Mu Variant: Vaccine-resistant Covid strain deadlier than Delta grips America
'Variant of interest' now detected in 49 states, scientists say it is deadlier, more resistant to vaccines than Delta
As the Covid-19 deaths are still on the rise in the US, a new variant is slowly spreading over the country, causing scientists to issue warnings. The Mu variant is now present in 49 out of 50 states, with around 2,300 cases recorded so far. The reason those numbers are alarming experts is because the variant is reportedly deadlier, and more vaccine-resistant than the Delta variant, which has already caused shockingly high numbers of deaths and hospitalizations.
A large portion of America is still refusing to get jabbed, leading to a surge in hospitalizations, and deaths. From Joe Rogan to Georgia Councilman Jim Sells, numerous anti-vaxxers have been hospitalized of late, and yet many are still unwilling to take Covid-19 seriously. As we have reported, prominent anti-maskers like Caleb Wallace have died from the virus recently, refusing to take the necessary precautions. Things could get a lot worse though, as Mu is now spreading all over the US.
Barring Nebraska, all other states have reported cases of the new variant, with Florida and California being the worst hit, with 384 cases each. In the grander scheme of things, those numbers may seem like little cause for concern, but nothing could be further from the truth. Even though Mu currently accounts for less than 1% of all cases, history shows we would be wise to act now.
Why is the Mu variant so concerning?
The strain was first discovered in Colombia in January 2021 and has since been detected in 41 nations including the US, UK, Hong Kong, and Ecuador. As with the Delta variant, the strain has quickly jumped to become a leading cause of infection. Globally, it makes up less than 0.1% of cases, but numbers from individual nations tell a different story. By September, the Mu variant was responsible for 39% of cases in Colombia, and 13% in Ecuador.
But it's not the numbers alone that's got scientists worried. The World Health Organization listed Mu as a "variant of interest" only on August 30, given its quick spread around the globe. Studies into the variant are still ongoing, so we cannot say for sure just how deadly the strain is, but early reports indicate there is every reason to be cautious. The WHO noted that the Mu strain "has a constellation of mutations that indicate potential properties of immune escape." Basically, it can escape the body's defenses, including that provided by the vaccine, as noted with the Beta and Gamma variants as well.
Dr. Anthony Fauci doubled down on that warning, saying, "This variant has a constellation of mutations that suggests that it would evade certain antibodies, not only monoclonal antibodies but vaccine- and convalescent serum-induced antibodies," on September 2. Right now, it is too early to say if the Mu variant is actually deadlier, or more vaccine-resistant, but history would indicate it is. The Beta and Delta variants have proven to be more deadly, not less, since they were first discovered, so it is very likely Mu will be too.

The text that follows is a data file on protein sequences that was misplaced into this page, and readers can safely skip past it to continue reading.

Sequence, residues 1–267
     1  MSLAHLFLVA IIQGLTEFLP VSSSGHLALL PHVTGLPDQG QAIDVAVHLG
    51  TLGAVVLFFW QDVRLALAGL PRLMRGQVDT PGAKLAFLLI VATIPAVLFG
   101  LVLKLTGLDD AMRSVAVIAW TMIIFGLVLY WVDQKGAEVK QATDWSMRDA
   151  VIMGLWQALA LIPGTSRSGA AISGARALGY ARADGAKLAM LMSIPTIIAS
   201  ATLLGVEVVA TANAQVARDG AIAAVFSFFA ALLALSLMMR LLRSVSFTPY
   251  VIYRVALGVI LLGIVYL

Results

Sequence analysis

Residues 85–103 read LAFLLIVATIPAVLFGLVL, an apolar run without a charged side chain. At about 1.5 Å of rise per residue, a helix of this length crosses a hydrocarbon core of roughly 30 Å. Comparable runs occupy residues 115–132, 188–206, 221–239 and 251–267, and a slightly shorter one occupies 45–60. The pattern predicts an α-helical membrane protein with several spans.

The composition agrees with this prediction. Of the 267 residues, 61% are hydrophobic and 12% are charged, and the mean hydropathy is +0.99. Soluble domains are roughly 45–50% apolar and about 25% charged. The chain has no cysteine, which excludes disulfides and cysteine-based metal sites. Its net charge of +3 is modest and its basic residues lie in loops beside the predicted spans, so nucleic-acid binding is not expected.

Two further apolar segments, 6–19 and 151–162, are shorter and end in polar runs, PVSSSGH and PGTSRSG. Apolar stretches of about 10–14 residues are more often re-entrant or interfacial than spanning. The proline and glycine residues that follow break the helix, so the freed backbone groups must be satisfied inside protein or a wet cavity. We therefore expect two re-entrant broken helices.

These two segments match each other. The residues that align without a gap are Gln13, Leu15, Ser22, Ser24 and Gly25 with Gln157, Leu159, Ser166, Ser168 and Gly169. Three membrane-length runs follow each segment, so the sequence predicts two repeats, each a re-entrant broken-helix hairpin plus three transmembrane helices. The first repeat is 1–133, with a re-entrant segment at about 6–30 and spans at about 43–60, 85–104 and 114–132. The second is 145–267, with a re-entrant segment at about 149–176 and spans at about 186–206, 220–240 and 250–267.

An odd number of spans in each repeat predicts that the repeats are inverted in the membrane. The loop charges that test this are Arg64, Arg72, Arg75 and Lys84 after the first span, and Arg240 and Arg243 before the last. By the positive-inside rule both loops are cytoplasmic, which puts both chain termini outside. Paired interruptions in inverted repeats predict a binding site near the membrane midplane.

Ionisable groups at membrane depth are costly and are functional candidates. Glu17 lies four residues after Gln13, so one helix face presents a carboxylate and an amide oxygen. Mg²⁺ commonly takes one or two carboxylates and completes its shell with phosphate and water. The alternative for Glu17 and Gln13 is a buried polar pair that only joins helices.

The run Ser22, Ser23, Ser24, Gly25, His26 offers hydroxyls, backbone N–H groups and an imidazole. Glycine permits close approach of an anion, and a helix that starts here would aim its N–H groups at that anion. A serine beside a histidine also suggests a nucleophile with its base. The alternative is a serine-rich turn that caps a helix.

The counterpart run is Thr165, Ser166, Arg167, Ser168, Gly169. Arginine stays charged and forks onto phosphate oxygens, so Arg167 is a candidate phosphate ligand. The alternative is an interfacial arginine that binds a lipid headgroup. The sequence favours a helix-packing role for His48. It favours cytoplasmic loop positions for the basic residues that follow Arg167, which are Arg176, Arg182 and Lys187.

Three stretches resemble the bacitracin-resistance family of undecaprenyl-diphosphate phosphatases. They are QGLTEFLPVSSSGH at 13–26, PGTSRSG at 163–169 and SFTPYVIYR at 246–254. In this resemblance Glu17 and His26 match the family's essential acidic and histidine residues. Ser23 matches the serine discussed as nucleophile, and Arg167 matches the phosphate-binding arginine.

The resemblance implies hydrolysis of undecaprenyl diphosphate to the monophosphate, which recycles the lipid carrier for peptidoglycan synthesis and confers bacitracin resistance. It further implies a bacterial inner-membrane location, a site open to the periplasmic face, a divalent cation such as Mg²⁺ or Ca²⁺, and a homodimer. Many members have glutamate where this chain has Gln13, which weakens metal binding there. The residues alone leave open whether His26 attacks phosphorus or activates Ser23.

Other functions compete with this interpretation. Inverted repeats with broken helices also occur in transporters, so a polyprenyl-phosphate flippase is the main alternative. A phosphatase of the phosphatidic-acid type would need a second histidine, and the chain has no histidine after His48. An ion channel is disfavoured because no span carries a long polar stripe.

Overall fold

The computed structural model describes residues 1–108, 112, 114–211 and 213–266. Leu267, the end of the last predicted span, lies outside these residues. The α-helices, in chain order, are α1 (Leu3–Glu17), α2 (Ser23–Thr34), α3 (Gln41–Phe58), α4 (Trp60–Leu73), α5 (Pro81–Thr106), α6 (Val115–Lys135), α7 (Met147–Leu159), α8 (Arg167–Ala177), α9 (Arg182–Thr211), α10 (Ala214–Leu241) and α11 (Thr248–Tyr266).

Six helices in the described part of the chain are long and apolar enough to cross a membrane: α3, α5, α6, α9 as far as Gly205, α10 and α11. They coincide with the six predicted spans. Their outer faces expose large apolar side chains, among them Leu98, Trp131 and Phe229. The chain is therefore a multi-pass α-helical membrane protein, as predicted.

US keeping a 'close eye'
During a press briefing earlier in the week, Fauci said, "We’re paying attention to it, we take everything like that seriously." He did note, however, that the variant was not "an immediate threat right now." As of September 7, the Delta variant is the dominant variant across the US, responsible for over 99% of cases and hospitalizations. The strain is also somewhat resistant to vaccines, the reason we are seeing an uptick in cases of "breakthrough Covid", i.e. people being diagnosed with Covid even after being fully vaccinated.
While Fauci noted that Mu "isn’t even close to being dominant" in the US, the WHO's classification has got experts concerned. "We’re keeping a very close eye on it," Fauci said on the numbers in Ecuador and Colombia, which could be mirrored in the US. Already the numbers are high enough to get experts talking. Los Angeles has recorded 167 cases of the Mu variant, while Houston has also become a hotspot with 50 cases detected at the Houston Methodist Hospital.
Even if Mu doesn't end up becoming the predominant strain in the US, the news should concern everyone. As Covid-19 spreads more freely, it can more easily mutate into varients, and even develop better resistance to vaccines. The only way to ensure that doesn't happen is to wear a mask and get vaccinated. Otherwise, we'll be back to where we were in 2020.